Today, August 23. 2015, is the 76th anniversary of the signing of the Molotov-Ribbentrop Pact that paved the way for World War II to begin. The pact ensured peace between the Soviet Union and Nazi Germany, giving Hitler the freedom to roll out his program without worry over having to fight a two- front war, and giving Stalin a free hand in the areas he wanted. The secret protocol mapped out the spheres of influence of the two dictators–Western Poland to Germany, Eastern Poland to Russia, the Baltic states, Finland, and Bessarabia to Russia. On September 1 Hitler attacked Poland, and on September 17 the Red Army moved in and took the eastern half. In October, Moscow issued demands to the Baltic states of Estonia, Latvia, and Lithuania, and to Finland. Finland resisted, and the Soviet Union invaded Finland on November 30th. The result was the bitterly fought Winter War, the backdrop for my novel Lost Ground.
Here is a gallery of images including maps and documents connected with the pact.
Set in Finland, LOST GROUND’s World War II story is unique and compelling..
Many stories that take place during World War II come from an American point of view, but few of them are set in Finland. With a unique setting and characters that are easy to fall in love with, Ulla Jordan’s LOST GROUND, is a compelling read and offers a truly realistic depiction of the horrors that took place during the war.
LOST GROUND is told from three different characters: Tina, a woman stuck at the home front worrying about her soon-to-be fiancé, Paul; Tom, the American journalist who develops a close relationship with Tina; and Paul himself, who describes the appalling and heartbreaking realities of being a soldier. The three become intertwined, and their stories are told flawlessly with gorgeous poetic language. One description of the war includes lines like, “The fires still burned, orange fountains in the night, fireworks of a macabre carnival,” that help bring the setting to life. As the characters (and the entire country of Finland) struggle to survive and hold on to hope, Jordan plays to all of the reader’s senses (“a strange shuffling noise scratched the silence, the sound of hundreds of pairs of feet, unseen walkers on their way out of the city.”)
From the very first sentence, LOST GROUND incites curiosity with foreshadowing that the events of the war will change everyone involved. From there, descriptive passages about everything from a hotel lobby to a city ravaged by bombing raids creates a fully realized setting. One of the most powerful aspects of the novel are the moments when the war specifically impacts each character – whether it’s Tom venturing into the field to see frozen corpses left over from a battle or Tina’s quest to find food once the rations have run out. Those who did not experience the war firsthand can appreciate the crushing blow the events caused during the time period. Although some readers might not understand all of the references (like a passing mention of Mrs. Simpson or Wallis Simpson who became the Duchess of Windsor), there are enough explanations for pretty much any reader to understand and get a good grasp on the big players of the era.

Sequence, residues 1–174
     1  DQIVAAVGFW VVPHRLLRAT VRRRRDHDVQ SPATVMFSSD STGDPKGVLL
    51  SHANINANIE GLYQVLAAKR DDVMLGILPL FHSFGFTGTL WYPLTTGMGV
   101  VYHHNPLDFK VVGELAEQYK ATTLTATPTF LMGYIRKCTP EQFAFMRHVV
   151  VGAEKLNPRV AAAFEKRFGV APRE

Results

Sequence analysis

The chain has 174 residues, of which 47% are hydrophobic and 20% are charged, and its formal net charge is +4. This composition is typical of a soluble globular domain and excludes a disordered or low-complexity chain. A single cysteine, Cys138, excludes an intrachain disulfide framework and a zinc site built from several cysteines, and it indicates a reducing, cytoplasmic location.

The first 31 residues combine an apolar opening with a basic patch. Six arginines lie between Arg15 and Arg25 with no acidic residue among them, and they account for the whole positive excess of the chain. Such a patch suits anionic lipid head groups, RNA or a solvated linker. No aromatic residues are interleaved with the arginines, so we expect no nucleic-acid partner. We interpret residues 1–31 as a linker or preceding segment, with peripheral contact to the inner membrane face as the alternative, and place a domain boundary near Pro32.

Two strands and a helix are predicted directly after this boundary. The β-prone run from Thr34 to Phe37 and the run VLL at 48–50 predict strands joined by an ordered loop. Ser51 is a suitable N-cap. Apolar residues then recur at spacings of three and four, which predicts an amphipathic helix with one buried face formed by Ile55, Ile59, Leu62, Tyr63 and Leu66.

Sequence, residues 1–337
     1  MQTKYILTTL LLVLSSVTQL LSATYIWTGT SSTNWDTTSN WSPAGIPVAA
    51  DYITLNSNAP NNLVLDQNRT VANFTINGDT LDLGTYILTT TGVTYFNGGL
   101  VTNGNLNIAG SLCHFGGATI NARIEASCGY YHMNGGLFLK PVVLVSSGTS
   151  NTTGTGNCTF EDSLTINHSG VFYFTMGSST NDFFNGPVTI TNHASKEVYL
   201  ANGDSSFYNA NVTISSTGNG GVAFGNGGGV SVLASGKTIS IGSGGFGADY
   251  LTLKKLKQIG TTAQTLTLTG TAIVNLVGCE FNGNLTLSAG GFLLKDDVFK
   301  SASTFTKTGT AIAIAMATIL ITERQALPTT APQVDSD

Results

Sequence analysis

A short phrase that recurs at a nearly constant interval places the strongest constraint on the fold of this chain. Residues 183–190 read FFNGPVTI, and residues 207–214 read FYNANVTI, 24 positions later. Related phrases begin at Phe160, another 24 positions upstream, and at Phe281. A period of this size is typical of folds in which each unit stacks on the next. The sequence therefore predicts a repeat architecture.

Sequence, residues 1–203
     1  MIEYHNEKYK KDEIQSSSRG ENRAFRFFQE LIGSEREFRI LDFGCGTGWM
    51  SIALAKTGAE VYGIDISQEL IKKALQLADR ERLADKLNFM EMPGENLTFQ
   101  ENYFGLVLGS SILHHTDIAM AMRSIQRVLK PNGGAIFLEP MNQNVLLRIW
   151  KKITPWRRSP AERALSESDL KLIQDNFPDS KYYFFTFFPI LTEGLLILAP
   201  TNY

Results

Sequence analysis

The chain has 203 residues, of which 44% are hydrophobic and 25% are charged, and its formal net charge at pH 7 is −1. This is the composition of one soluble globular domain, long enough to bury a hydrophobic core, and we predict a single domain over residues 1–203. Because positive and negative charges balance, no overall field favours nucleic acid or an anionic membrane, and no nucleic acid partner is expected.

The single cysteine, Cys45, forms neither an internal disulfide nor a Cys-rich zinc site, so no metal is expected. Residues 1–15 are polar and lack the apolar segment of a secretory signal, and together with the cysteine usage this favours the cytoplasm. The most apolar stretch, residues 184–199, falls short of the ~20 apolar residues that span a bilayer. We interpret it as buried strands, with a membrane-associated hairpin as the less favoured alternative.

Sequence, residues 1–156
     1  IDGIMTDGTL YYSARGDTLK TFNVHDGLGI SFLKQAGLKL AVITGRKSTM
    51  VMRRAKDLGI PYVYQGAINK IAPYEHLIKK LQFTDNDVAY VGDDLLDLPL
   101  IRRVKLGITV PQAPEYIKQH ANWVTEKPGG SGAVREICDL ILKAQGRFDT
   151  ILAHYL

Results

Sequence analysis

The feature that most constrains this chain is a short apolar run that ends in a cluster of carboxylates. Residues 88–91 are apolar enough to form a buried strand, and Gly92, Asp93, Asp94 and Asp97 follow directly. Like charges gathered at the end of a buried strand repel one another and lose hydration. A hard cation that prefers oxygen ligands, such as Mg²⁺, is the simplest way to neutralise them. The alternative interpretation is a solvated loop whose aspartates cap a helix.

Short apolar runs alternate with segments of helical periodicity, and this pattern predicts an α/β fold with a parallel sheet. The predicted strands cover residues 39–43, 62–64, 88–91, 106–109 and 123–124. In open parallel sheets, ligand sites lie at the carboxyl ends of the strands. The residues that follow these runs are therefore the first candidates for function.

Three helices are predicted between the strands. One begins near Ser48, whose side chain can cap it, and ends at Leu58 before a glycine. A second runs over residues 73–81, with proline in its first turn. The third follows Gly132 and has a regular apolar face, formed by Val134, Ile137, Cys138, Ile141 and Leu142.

LOST GROUND is masterfully written with a no-holds-barred depiction of war and characters that are undeniably fascinating.
To a casual observer, Finland seems like any other Western European country on the Nordic model, a placid and well-ordered democracy with great schools, great social programs, and great design. But of all the northern democracies, Finland is alone in having a long land border with Russia, and a living memory of being invaded by the Soviet Union.
Finns find it difficult to talk about the Winter War. In November 1939, the Soviet Union attacked Finland, after signing a pact with Nazi Germany three months earlier that carved up eastern Europe into spheres. Unlike the other countries the USSR took under the terms of the pact–the Baltic states, eastern Poland, parts of Romania–Finland put up fierce resistance. Despite the massive advantage of the Red Army over the tiny forces of Finland, the war raged on through the winter. In March, after the threat of Allied intervention became real, Stalin agreed to an armistice. Under its terms, Finland lost 11% of its territory, including the densely populated Karelian Isthmus and the medieval castle city of Viipuri (Vyborg). Nearly half a million Karelians had to be evacuated and resettled.
The Winter War had repercussions for both the Finns and the Russians, and influenced the thinking of Hitler as he planned his attack on the USSR.
The days grow shorter and the white nights of the north are getting darker. Here is an excerpt from Zachris Topelius, Finnish poet and patriot, on northern summer nights.
“On a clear summer night in the far north, the whole sky glows and the air itself seems to shimmer in the soft, gentle light…When the sun goes down briefly, the whole of nature settles into a strange dreamy mood. The bringer of day is gone, birds fall silent, humans and animals seek rest and plants wait for night that does not come. Instead, a dim, silvery light spreads over forests, waters and shores. It is not the light of the sun, the moon or the stars, nor is it dusk. It is the night’s own radiance, serene yet festive, like eternal joy amid the transience of spring.”
Extract from “Our Land” by Zachris Topelius
Here’s a review of Lost Ground from the Historical Novel Society. Much appreciated. All comments and opinions are welcome.
Lost Ground by Ulla Jordan | Review | Historical Novels Review.